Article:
Having said that, I can't speak for why others may have invested and what criteria they may be using but I originally invested in Nov. 2012 after the Model S hit the market because I thought Tesla had a better product than the competition at the same price and had revolutionary technology that would eventually take over the industry.

    I have held the stock since then as it has gone up about 7X. I tripled down earlier this year because IMO the investment case is more compelling now than in 2012. The incredible response to the Model 3 signals to me that a very large number of people are ready for a BEV vehicle and especially want a Tesla. Tesla's battery costs are dropping like a rock and there does not appear to be any serious BEV competition until 2019 or 2020 at the earliest, and by then Tesla will be miles ahead. The stock price is actually lower than it was before the incredible response customers had to the Model 3 introduction. I believe this is due to overwrought fears of the impact of a delayed Model 3 introduction (which in turn are inflamed by a challenging Model X introduction), plus a mountain of FUD from short sellers and others. In terms of the ambitious goals themselves, I tend to see it more like you suggest -- if Tesla is growing quickly it's not all that important that they hit every target along the way.

    As for the ability to raise capital, in my opinion (an opinion shared by investor Ron Baron and others), there is a reasonable chance Tesla may not need another cap raise for the foreseeable future if ever. Once Tesla Energy ramps up later this year or early 2017 after the first phase of the gigafactory is up and running, it should generate a substantial amount of cash to help with the Model 3 ramp. Elon has said that he thinks TE could eventually become as large as the Tesla automotive business and will grow faster (which is saying something given the 50-80% growth rate of Tesla's vehicle business for the foreseeable future). Citigroup has estimated that stationary storage will become a $400B business and IMO Tesla appears to be better positioned than the rest of the industry from a cost perspective and otherwise. If Tesla does end up needing to raise capital it hasn't been an issue to this point and the last cap raise was oversubscribed. Also, from a valuation perspective I think most investors are ignoring Tesla Energy which is a huge mistake since it could become as valuable as the automotive business in the long run.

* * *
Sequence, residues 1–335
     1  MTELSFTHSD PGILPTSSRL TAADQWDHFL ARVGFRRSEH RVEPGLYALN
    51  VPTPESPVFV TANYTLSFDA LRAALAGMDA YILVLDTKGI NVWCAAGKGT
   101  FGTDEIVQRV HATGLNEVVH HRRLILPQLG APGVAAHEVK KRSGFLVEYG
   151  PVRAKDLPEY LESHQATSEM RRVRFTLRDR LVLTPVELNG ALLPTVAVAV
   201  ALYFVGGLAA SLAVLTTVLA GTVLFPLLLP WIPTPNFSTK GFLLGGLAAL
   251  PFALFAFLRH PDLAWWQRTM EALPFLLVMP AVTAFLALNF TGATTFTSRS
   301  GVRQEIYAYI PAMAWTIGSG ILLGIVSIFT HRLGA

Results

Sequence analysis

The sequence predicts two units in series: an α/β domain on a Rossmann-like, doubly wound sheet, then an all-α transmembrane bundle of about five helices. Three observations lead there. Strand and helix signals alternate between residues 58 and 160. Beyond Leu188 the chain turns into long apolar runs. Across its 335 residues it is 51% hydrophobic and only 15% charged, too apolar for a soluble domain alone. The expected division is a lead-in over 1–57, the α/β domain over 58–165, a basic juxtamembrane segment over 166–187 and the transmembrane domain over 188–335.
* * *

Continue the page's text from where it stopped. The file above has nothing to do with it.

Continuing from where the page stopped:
I did not invest originally because of all the good things Tesla is doing but that is definitely a key reason I was initially so excited about the company and took the time to learn about it. The fact that one company has the potential to do so much to help with climate change and reduce air pollution (over 5,000,000 deaths per year worldwide) while producing incredible vehicles that beat the pants off the competition is pretty cool. But the reason I invested is that I thought people were underestimating Tesla's potential in a very big way. I think they still are -- even more so today than in 2012.

    Oh, and in late 2012/early 2013 the short sellers were out in force just like they are now -- Tesla was one of the most shorted stocks on the market. They were dead wrong. The stock rocketed up and the short sellers and short selling hedge funds lost truckloads of money for themselves and their investors. You won't see them talking about that though ....

    Anyway, those are my two cents. Good luck!!
     
  10. EinSV

    EinSV Member

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    #10 EinSV, Jul 15, 2016
    Last edited: Jul 15, 2016
    No true COO to my knowledge. I have seen some investors suggest Tesla should hire one but I don't have an opinion one way or another.